We have extremes in how we manage our healthcare. Some generations have little or no experience with technology. Sending an email can be a challenge for some. Other generations, especially the Millennials, are all about technology, especially if it’s mobile.
Put this in terms of years, and we can begin to see why.
On the one end of the spectrum, there are the Traditionalists and Baby Boomers, spanning the years 1900 to 1964. Familiarity with technology increases as you move closer to 1964, but it did not exist in their formative years. The next generations, Generation X to Millennials, span from 1965 to 2000. Comfort levels with technology increases significantly with these generations, as it began to take hold during the work years for Generation X and is all encompassing for Millennials.
There are gaping holes between the generations, in terms of technology use.
The healthcare industry is undergoing a technology revolution of sorts. Government incentive programs are in place for care providers to adopt electronic health records (EHRs) and offer patients their data in an electronic form. Providers, because of the incentives, are highly motivated to deliver data electronically to their patients.
Now, the questions are these:
- How will the Traditionalists respond to: “Your lab results will be available on our portal”?
- How will Baby Boomers deal with glucose monitors on their mobile device?
- How will Generation X work with collecting and managing their medical data or the medical data of their parents?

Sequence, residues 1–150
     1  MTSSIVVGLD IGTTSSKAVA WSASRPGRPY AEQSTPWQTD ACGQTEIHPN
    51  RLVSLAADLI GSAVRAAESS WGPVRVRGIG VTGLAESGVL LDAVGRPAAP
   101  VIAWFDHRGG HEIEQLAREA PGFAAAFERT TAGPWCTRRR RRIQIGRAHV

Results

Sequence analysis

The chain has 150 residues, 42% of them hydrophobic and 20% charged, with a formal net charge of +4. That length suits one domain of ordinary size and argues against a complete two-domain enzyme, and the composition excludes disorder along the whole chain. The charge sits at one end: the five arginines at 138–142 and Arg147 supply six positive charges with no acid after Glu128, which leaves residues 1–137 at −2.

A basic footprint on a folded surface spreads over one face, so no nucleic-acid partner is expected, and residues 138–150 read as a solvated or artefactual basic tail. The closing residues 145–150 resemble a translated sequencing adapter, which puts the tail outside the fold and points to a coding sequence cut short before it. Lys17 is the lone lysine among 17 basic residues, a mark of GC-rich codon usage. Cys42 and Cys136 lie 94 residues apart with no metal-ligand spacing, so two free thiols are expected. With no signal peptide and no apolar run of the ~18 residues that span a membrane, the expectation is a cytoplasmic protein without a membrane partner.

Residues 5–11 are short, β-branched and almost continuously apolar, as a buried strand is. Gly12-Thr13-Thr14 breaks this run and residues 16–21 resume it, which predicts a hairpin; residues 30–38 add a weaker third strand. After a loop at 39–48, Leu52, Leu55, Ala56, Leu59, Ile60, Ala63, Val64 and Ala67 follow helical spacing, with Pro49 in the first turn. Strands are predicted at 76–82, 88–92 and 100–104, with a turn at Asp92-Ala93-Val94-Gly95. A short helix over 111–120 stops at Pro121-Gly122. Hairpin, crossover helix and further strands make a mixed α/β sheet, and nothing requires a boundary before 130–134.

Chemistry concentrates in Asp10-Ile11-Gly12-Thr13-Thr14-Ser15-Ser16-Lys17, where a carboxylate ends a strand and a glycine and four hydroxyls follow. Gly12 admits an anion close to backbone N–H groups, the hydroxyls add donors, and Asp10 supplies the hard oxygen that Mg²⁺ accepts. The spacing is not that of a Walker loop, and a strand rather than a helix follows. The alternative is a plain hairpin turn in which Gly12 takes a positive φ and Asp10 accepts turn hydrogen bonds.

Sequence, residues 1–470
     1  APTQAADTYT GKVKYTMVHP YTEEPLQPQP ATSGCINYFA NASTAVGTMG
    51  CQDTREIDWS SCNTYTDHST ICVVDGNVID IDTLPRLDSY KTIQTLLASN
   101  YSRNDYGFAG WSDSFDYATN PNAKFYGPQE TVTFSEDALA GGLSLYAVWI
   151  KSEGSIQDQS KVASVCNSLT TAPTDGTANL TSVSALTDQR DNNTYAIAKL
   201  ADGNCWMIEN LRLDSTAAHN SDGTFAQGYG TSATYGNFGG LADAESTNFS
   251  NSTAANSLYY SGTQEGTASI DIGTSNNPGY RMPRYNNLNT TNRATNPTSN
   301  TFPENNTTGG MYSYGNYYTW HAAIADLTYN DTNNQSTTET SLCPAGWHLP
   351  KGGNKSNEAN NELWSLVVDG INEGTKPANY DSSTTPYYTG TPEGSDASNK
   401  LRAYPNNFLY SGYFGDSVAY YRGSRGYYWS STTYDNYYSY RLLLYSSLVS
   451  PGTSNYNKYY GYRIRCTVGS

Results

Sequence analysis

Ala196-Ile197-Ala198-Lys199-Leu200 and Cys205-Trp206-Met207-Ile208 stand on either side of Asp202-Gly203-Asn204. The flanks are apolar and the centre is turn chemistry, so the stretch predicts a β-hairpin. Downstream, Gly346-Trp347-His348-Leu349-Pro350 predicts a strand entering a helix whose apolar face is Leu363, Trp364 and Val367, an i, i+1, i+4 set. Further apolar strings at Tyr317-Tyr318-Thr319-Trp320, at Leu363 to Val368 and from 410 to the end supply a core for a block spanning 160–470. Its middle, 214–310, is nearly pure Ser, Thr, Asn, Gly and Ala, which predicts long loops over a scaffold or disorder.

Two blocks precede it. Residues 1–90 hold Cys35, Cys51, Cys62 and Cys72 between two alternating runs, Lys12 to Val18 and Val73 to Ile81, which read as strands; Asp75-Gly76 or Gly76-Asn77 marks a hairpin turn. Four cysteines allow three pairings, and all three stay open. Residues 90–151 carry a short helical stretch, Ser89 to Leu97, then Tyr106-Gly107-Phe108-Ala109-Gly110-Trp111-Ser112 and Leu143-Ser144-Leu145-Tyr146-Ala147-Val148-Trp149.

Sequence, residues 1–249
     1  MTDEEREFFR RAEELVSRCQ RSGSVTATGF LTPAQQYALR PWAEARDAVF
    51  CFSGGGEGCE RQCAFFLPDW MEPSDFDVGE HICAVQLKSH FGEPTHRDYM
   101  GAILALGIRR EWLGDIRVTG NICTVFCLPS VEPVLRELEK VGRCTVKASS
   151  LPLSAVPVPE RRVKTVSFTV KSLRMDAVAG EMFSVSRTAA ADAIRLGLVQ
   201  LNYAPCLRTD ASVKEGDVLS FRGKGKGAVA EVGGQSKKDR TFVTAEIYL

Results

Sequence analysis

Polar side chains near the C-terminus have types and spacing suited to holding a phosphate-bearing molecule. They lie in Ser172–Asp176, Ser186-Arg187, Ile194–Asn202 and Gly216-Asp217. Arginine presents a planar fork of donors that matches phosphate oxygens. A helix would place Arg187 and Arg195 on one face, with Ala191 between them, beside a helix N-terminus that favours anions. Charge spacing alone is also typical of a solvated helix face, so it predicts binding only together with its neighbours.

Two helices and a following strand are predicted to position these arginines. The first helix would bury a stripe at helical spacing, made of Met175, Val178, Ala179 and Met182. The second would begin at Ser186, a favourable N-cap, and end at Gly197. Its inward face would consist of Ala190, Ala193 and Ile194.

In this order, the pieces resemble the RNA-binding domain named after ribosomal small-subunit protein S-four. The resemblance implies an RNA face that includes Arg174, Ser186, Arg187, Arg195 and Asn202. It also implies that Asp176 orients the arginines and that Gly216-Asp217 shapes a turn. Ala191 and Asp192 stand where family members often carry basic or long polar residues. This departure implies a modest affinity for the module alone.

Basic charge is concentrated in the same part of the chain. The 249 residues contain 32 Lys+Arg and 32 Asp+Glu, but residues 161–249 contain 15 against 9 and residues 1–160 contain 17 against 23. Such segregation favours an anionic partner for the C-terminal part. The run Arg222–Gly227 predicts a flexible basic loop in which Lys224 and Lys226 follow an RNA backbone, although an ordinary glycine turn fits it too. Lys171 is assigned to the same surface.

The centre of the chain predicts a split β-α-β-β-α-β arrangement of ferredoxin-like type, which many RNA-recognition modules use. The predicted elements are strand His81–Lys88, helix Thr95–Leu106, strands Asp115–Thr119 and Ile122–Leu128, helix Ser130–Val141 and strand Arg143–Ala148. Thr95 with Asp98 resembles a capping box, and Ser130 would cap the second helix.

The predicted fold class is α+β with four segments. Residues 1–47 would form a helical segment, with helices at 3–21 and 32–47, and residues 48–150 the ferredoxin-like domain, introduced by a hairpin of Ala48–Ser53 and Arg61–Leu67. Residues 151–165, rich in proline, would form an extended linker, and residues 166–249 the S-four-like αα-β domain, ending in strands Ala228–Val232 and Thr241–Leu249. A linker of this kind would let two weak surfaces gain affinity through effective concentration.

- How will Millennials accept not being able to use their phone to check out at a physician’s office?
The answer to these questions will be very challenging for some, frustrating for others, and annoying for those accustomed to easy technology interactions.
The better question becomes:
How do we bridge the gap between the generations?
It is a question aimed directly at and added to “Where is your health leadership?”
The answer may be rather simple. We need to reach out and work across the generations.
- For sons and daughters, setting up accounts for your aging parents and showing them how to access certain information may help.
- For parents and grandparents, it will be asking youth for assistance and guidance on how all this healthcare “stuff” works on their mobile devices.
It is about reaching out to help each other, bringing extreme patience to our interactions.
Here are five suggestions:
- Spend time with your grandparents and parents, asking them about current health concerns and health lessons learned over the years.
- Find out if the elderly in your community know how to email confidently or how to connect with family and friends on Facebook.
- Ask your older relatives how their physicians are wanting to engage them electronically and then help them and answer their questions.
- Show other generations how you are tracking your own health and managing your physical well-being.
- Discuss the use of healthcare technology, mobile apps, and digital devices with different generations in the workplace. It is not a discussion about private health issues; it is a chat on how to better use technology to manage personal health.
Linking generations is about engaging conversations and exchanging information. Most importantly, it is about sharing experiences across the ages. We need to invest the time.
How have you bridged the generational healthcare technology gap? What suggestions would you add?